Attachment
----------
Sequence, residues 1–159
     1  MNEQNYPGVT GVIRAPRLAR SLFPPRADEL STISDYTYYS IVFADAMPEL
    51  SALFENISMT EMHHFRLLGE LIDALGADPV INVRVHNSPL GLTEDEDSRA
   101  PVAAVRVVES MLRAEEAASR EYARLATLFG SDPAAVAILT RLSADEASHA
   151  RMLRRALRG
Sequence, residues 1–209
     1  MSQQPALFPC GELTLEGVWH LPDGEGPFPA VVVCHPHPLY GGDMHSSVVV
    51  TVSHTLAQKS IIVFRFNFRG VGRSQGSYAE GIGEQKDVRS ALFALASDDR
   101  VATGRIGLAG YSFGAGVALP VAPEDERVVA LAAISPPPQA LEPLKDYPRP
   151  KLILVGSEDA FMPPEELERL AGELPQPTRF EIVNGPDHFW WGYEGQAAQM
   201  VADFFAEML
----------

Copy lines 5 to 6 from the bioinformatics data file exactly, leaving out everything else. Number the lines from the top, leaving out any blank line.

   151  RMLRRALRG
Sequence, residues 1–209